U.S. District Court Judge Jack Zouhary congratulates Russian immigrant Andrey Aleksandrovich Mikhaylov on becoming a U.S. citizen. At his right is Karen Berman, Waite High assistant principal, and the keynote speaker for Friday's ceremony.
At first, he bowed politely at the judge.
But after waiting 87 years to become a U.S. citizen, Andrey Aleksandrovich Mikhaylov no longer could contain his emotions.
Trembling, he suddenly reached out and tightly embraced U.S. District Court Judge Jack Zouhary, who moments earlier had administered the oath of citizenship during a ceremony at Waite High School on Friday afternoon.
The emotional moment prompted cheers and applause from the hundreds of students and guests in the high school auditorium where the ceremony was held.
“This has been a longtime dream,” said Mr. Mikhaylov, who immigrated to this country from Russia in 1997 on a guest visa. “Finally, all the waiting is over.
“The only sadness I have is that my wife, Nina [who died three years ago], is not here. We dreamed of becoming citizens together.”
Thirty-one new citizens were sworn in Friday. They came from 21 countries, including China, Nigeria, Ghana, Vietnam, Mexico, Canada, and Egypt.
The naturalization ceremonies are held at various northwest Ohio locations — including at high schools — which gives students a glimpse into the citizenship process, officials said.
Friday’s ceremony included brief comments from students and school staff. The Waite High School Orchestra performed several numbers, including the national anthem.
Assistant Principal Karen Berman shared her own immigration experience during her keynote address.
“My parents immigrated from Jamaica when I was 10 years old,” she said. “We left behind family and friends and our life. I was terrified. As a child, I shed tears.”
But, her parents’ decision to immigrate gave her a “great life with many opportunities.” Ms. Berman encouraged students to never take their citizenship for granted.
Judge Zouhary told the new citizens and students patriotism means more than “just waving a flag.” Patriotism is about believing in democracy, freedom, and displaying a willingness to accept people’s differences, he said.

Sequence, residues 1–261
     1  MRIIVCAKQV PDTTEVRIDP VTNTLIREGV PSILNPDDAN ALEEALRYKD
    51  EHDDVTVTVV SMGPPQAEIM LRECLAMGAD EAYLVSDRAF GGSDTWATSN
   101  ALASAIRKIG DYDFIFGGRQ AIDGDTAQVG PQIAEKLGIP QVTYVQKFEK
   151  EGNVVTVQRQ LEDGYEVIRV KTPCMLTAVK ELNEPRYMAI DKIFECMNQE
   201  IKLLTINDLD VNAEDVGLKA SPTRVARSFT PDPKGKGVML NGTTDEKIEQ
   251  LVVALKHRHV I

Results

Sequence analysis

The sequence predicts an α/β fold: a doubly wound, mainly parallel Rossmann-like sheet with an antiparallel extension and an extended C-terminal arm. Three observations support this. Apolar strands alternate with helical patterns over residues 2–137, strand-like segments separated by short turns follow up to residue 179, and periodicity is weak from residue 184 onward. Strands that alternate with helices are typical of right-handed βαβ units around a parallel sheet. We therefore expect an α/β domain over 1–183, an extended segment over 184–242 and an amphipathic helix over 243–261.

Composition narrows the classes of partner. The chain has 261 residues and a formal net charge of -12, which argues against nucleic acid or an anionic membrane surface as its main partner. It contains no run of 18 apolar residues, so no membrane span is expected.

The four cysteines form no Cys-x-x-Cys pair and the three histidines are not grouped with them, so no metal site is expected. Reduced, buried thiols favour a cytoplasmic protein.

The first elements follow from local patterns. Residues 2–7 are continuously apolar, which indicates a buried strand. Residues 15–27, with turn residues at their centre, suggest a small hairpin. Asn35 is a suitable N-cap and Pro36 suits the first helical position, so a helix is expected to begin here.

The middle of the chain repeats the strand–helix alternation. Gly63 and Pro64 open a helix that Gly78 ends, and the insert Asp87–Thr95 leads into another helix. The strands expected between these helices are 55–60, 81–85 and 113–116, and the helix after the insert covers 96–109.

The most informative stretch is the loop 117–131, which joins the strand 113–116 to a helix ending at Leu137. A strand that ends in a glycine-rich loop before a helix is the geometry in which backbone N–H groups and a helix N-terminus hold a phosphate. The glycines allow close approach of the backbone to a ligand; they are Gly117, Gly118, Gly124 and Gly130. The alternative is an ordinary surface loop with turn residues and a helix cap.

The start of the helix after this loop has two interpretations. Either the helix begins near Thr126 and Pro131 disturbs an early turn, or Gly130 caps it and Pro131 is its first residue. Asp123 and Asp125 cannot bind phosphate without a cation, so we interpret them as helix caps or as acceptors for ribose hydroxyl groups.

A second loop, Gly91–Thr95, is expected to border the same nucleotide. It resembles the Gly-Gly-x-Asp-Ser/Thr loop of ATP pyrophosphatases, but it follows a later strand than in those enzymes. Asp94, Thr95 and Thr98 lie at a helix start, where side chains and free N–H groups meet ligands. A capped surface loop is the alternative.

“Your accents will add beautiful notes to the chorus of America,” Judge Zouhary said.
High school seniors Devanna Gilmer and Taylor Naus, said before the ceremony they had given little thought to the citizenship process.
“I think it’s good,” Ms. Gilmer said. “It’s important to admit new people so that we’re not all the same.”
About a dozen members of Ednita Clara Gonzaga Vaflor’s family attended the ceremony to show support for the matriarch of their clan.
The native of the Philippines is the last person in her family to acquire citizenship.
“It was cool to see my grandmother become naturalized,” said her 15-year-old grandson Christian Vaflor, born in in Marion, Ohio. “It was very patriotic.”
The new Americans and their native countries are:
Canada — Johnny Agustin Noritz, Nidia Yomar Noritz, Charmaine Annie Sharp
Egypt — Mohammed Saber Elnahal, Manal Mohamed Abou Youssef
Ghana — Malik Abdul Fuseini
India — Jitendrabhai Hargovindbhai Patel
Indonesia — Eddy Khumar
Jordan — Ali Mohammed Awwad, Suzan Ahmad Naief Dahmous
Laos — Sompasith Sinthalaphone
Liberia — Abraham Sherman Cooper
Mexico — Veronica Gloria Benitez, G. Lidia Uribe Hatfield, Inocencio Garcia Mendoza, Mario Israel Gordillo Reyes, Juan Antonio Sandoval
Nigeria — Deborah Ihuoma Arowolo
Pakistan — Abdul Rauf Zahid
Panama — Jorge Gustavo Cedeno Espinosa
People’s Republic of China — Cui Xiang Yu
Philippines — Mike Anthony Mata Pedong, Ednita Clara Gonzaga Vaflor
Russia — Natalia Olegovna Connolly, Andrey Aleksandrovich Mikhaylov
Somalia — Fatuma Ibrahim Barqadle
South Africa — Liza Black
South Korea — Sung Eun Park
Taiwan — Katherine Yu Han Liao
Tanzania — Richard Mutatina Nyonyi
Vietnam — Thanh Nguyen
Contact Federico Martinez at: firstname.lastname@example.org or 419-724-6154.